Isaiah J. Kacyvenski is a former football linebacker of the National Football League. He was drafted by the Seattle Seahawks in the fourth round of the 2000 NFL Draft. Kacyvenski played six-plus seasons with the Seahawks recording 267 tackles in 90 games and was elected as the Special Teams Captain 3 years in a row. In 2002, Kacyvenski earned the starting job at Middle Linebacker, after battling for the position with Orlando Huff. In 2005, Kacyvenski was Special Teams Captain of the Seahawks and helped lead the team to Super Bowl XL, which was played in Detroit, Michigan. He was released by the team on September 30, 2006. Kacyvenski then signed a one-year contract with the St.Louis Rams on October 3, 2006, and played in ten games for them during the remainder of the 2006 season. As an unrestricted free agent in the 2007 off season, Kacyvenski then signed a one-year contract with the Oakland Raiders on July 11. He was placed on season-ending injured reserve on August 7 and released with an injury settlement a week later after undergoing microfracture surgery on his leg. In September 2008, it was reported that Kacyvenski had decided to retire.
On May 8, 2008, Kacyvenski filed an Application for Adjudication of Claim alleging that he sustained cumulative injury through 2007 to various body parts while a professional football player for the Raiders. The Raiders admitted left knee injury, and the Rams were joined as defendants. At the Mandatory Settlement Conference of July 8, 2014, Kacyvenski elected to proceed solely against the Raiders under Labor Code section 5500.5(c). As a result of the election against the Raiders, the Rams did not appear at the scheduled trial of August 20, 2014, during which time the Raiders and Kacyvenski entered into the Stipulations with Request for Award. The WCJ issued the Joint Award against the Raiders and Rams the same day based on stipulations between the Raiders and Kacyvenski.This Joint Award provided that applicant sustained cumulative injury to various body parts from October 3, 2006 through August 13, 2007 while employed as a professional athlete, resulting in 44% permanent disability and a need for medical treatment.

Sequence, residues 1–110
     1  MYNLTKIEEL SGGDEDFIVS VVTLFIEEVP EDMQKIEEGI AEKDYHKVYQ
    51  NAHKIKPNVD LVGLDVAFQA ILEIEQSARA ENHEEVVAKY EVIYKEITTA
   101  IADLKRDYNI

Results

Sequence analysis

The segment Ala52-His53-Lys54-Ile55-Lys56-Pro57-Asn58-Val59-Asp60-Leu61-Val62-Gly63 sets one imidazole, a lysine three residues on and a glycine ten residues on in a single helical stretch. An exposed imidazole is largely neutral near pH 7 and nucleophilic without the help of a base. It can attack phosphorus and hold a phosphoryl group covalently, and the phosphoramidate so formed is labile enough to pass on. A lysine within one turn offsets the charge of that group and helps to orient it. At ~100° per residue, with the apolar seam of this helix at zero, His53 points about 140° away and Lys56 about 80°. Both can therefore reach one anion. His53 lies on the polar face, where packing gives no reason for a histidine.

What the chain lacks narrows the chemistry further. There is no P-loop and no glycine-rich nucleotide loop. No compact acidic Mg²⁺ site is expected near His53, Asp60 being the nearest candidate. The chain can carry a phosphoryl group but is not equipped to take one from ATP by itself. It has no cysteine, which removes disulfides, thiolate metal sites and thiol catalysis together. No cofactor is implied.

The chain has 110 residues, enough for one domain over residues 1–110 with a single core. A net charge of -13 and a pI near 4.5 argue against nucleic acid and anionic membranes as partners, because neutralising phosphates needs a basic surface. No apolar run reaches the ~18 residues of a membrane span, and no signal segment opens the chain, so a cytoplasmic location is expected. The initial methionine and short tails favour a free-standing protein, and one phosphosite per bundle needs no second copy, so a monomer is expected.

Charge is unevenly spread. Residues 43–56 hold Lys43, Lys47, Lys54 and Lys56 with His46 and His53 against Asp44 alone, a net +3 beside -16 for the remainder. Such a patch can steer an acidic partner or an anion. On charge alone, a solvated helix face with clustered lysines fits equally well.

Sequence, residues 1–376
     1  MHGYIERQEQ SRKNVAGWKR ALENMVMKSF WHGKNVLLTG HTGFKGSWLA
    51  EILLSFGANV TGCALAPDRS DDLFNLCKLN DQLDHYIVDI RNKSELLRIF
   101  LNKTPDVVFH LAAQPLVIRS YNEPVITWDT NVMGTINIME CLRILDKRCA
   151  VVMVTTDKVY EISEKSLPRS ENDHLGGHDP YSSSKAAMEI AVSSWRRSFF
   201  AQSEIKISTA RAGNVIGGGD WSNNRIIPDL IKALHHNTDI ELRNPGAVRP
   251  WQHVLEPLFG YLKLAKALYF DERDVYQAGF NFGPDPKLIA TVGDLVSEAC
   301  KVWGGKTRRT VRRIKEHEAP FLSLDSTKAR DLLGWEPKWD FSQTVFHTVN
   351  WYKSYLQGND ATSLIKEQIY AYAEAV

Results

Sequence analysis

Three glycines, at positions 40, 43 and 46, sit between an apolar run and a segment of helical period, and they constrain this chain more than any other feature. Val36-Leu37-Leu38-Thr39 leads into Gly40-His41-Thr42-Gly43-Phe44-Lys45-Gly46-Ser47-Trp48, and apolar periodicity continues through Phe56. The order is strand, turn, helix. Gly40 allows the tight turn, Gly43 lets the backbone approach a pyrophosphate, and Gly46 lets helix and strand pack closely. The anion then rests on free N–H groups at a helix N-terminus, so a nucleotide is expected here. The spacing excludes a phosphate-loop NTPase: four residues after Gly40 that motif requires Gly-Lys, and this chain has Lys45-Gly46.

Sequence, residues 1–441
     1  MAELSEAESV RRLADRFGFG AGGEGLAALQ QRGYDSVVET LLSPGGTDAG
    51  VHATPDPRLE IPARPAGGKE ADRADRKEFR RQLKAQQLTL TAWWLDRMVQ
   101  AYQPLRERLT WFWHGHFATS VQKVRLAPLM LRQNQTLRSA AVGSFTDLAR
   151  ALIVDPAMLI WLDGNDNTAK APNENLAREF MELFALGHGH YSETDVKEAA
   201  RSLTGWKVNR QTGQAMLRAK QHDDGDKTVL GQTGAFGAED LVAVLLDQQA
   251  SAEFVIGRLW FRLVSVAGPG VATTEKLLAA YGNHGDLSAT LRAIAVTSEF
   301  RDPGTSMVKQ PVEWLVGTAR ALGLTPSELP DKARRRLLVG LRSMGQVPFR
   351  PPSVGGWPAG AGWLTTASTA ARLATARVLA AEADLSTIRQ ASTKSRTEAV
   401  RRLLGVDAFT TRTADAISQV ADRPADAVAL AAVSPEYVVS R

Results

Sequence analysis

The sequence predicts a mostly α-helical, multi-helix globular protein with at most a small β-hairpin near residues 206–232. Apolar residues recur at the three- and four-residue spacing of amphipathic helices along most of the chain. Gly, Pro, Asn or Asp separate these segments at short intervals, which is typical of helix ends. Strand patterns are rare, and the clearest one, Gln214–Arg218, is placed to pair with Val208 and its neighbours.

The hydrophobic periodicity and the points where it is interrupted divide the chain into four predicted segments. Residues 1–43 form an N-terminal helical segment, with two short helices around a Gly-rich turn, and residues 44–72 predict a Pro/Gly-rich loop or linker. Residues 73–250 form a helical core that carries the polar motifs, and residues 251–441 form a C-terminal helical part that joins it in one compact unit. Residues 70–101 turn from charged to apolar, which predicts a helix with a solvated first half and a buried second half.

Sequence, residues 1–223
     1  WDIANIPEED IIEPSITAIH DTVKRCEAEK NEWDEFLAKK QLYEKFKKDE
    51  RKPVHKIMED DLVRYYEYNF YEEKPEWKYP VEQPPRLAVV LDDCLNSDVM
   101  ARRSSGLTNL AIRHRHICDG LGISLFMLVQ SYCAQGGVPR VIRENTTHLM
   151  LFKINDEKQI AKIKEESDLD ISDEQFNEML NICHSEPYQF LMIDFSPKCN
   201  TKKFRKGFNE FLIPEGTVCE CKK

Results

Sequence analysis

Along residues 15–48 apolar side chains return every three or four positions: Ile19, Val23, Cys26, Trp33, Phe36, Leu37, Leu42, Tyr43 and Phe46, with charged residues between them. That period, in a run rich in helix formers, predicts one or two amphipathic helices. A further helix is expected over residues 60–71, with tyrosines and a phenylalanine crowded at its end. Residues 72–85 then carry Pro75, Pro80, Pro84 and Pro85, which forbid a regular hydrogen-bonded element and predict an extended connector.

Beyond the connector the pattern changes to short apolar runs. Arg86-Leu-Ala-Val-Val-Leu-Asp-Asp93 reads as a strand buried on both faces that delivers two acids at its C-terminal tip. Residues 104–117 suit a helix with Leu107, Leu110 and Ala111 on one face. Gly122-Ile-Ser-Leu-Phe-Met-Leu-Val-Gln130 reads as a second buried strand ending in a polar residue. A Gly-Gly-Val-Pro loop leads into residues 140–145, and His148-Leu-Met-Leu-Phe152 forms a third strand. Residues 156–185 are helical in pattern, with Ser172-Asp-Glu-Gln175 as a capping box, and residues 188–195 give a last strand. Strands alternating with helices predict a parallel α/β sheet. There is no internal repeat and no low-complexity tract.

Although the Rams did not participate in the trial as the non-elected employer, the WCJ awarded benefits to applicant jointly and severally against the Oakland Raiders and against the Rams even though they did not sign the stipulation. The Rams filed a timely Petition for Reconsideration. In their petition, the Rams’ contended that: (1) the Joint Award is based solely on the Stipulations between the Raiders and applicant; (2) the Rams are not a party to the Stipulations and Joint Award since Kacyvenski previously elected to proceed against the Raiders under Labor Code section 5500.5(c); (3) applicant.’s election precluded the Rams’ participation at trial when the Raiders and applicant entered into the stipulated award; and (4) therefore the Joint Award against the Rams violates due process. The Rams contended that the Joint Award is in excess of the WCJ’s powers under section 5903(a}, and request the WCAB to grant reconsideration and order an amended Joint Award solely against the Raiders.
The WCAB agreed in the panel decision of Kacyvenski v Oakland Raiders and granted reconsideration for purposes of amending the Award to remove the Rams from joint and several liability.
It is fundamental that due process requires opportunity to participate in the proceeding determining liability before liability is imposed. (Katzin v. Workers’ Comp. Appeals Bd. (1992) 5 Cal.App.4th 703, 711-712 [57 Cal.Comp.Cases 230, 236]; Fidelity and Cas. Co. of New York v. Workers’ Comp. Appeals Bd. (Harris) (1980) 103 Cal.App.3d 1001, 1015 [45 Cal.Comp.Cases 381).)
Here Kacyvenski elected to proceed solely against the Raiders, and further participation by the Rams at trial resulting in the Joint Award was precluded under section 5500.S(c).
In September 2008, Kacyvenski, the first of five other former NFL players that soon followed, agreed to donate his brain upon his death to the Center for the Study of Traumatic Encephalopathy, a joint program between the Boston University School of Medicine and Sports Legacy Institute in order to have research into the effects of concussions on the human brain performed. Kacyvenski was elected to the Board of Directors of Sports Legacy Institute in 2008, and has used this as a platform for awareness surrounding head trauma and making contact sports safer to play. Kacyvenski now works for cutting-edge conformal electronics technology company MC10, running their Sports Business. He developed the technology behind the CHECKLIGHT, a head impact measurement system, in a partnership with Reebok that launched in June 2013